Our Grand Duchess addresses noise and the variety of goods in the village

The ebb and flow of one’s life surely depends on how the people in it come and go; sometimes they arrive with a violently flung open door (BANG!) and then others come as a soft voice at your shoulder, amusedly calling your name as you stand staring with mouth unfortunately open at how the windows along Pirate’s Alley can be viewed now because of the redone landscaping in St. Anthony’s garden at the back of the Cathedral.

The Grand Duchess came back into my life in the second way (of course) and confessed she had left her carriage (really her car, but she calls all cars carriages) when she noticed me standing at Orleans and Royal. Her car was still waiting for her, so she asked me to call on her in an hour or so as “there was something she wanted to discuss with me.”

After an hour exactly, I made my way to her house and was shooed in efficiently yet warmly by Miss Maude and told to wait in the usual room. I poured a lemon ginger drink from the ever standing pitcher and looked down at her lovely courtyard garden which, in the old style was gloriously tangled and full of colors and smells even from the second floor. One of her many cats joined me at the open window, so was rewarded with a head scratch; this one was named either Sally Rand or Germanicus.

She bade me to sit and asked me to share what news I had about the “staff on Loyola Avenue” and their recent activities concerning noise ordinances and shops selling t-shirts. I shared what I knew, adding any asides that I felt would help her decrees, as previous experience told me she appreciated any added opinion. After listening carefully and asking a series of clarifying questions, she asked me to write and share this with her people:
As Grand Duchess of the Vieux Carre, we say thusly: We applaud the staff on Loyola’s attention to the matter of increased disruption of the quality of life and quality of commerce of many of our residents, well-respected small businesses and buskers. It is true that we have noticed an increased lack of civility among some owners of amplified clubs, as well as some owners of shops that offer sweet gifts to commemorate visits to our village. Some have extended their sound or visual range to overtake that of their neighbor, reducing the opportunity for an indiscreet aside or quiet proposition among walkers which is unfortunate for those in search of such an opportunity. This should be addressed to ensure that over amplified sound is measured and curbed by constables of all orders and those in uniform or deputized by them should be allowed to unplug the offender after measuring the noise at the door. Noise-meaning that which constantly interrupts or overtakes other sound-is the enemy of the musically inclined after all and lovely sounds should not be eclipsed by turning up the volume higher than one’s neighbor. However, those that make their way through our streets offering performance without amplification should be allowed to do so up until the last seating of our area’s fine dining restaurants. (DW note: by my estimation, that makes it between 10-12 midnight on most nights). As noticed in earlier decrees, the idea of allowing buskers to roam is vital, but it is also important that no busker takes control of any spot for more than 8 hours at one time.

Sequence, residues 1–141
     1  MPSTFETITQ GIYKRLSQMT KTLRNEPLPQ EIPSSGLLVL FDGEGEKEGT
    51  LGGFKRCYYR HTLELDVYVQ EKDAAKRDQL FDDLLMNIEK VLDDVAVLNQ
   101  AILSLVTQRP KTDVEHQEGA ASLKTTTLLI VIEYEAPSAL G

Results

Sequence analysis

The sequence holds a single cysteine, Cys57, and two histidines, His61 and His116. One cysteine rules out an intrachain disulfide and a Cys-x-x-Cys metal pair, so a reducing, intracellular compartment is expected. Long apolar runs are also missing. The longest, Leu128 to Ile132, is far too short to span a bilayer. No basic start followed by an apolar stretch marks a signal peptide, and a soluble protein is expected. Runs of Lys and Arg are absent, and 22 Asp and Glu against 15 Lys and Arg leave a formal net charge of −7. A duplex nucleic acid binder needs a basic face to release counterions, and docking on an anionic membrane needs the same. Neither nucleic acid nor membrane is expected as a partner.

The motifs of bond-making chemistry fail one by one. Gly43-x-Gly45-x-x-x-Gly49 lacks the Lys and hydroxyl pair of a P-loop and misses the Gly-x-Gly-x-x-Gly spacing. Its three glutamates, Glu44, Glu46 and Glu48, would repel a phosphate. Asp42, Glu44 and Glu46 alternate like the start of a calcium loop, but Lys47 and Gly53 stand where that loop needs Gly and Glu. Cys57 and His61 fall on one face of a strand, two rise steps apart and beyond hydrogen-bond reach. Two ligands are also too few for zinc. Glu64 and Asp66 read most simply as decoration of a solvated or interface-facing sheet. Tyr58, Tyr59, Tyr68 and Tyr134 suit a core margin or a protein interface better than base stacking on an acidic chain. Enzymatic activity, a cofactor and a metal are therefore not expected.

As to the proliferation of shops, it is true that for those of us hurrying to market, it is difficult to get there without being tangled in metal, fabric or wooden extensions often spilling to the banquette. We do applaud the staff’s attention to this matter, but it also must be acknowledged that those of us residing in the village proper do welcome the ability to choose from among so many establishments and should in no way be seen as willing to lose that charm and availability. Therefore, we caution the staff to patiently curate the tout ensemble of our village and to restrain any overcorrection. We will also caution the staff to deal fairly with ALL of the shops that offer visitors the chance to purchase goods that offer our name emblazoned across one’s bodice or bustle among other delightful tokens, and not only to argue against those that have been singled out previously, no matter how regularly some point in one direction. We might recommend that the staff employ weekend eyes to gauge the ongoing issues in real time; we are sure that many would be happy to wield clipboard and camera capturing problem areas, adding resident/shop owner councils on each street to oversee these practices. The staff and their representatives might also consider adding incentives for shop owners to bring more varied goods to the village and awards for those who incorporate the most agreeable entrances and facades. It is important to us that we continue to welcome those who are willing to risk their purse to add value to the village, so any change that must be made must be made evenly and with restraint.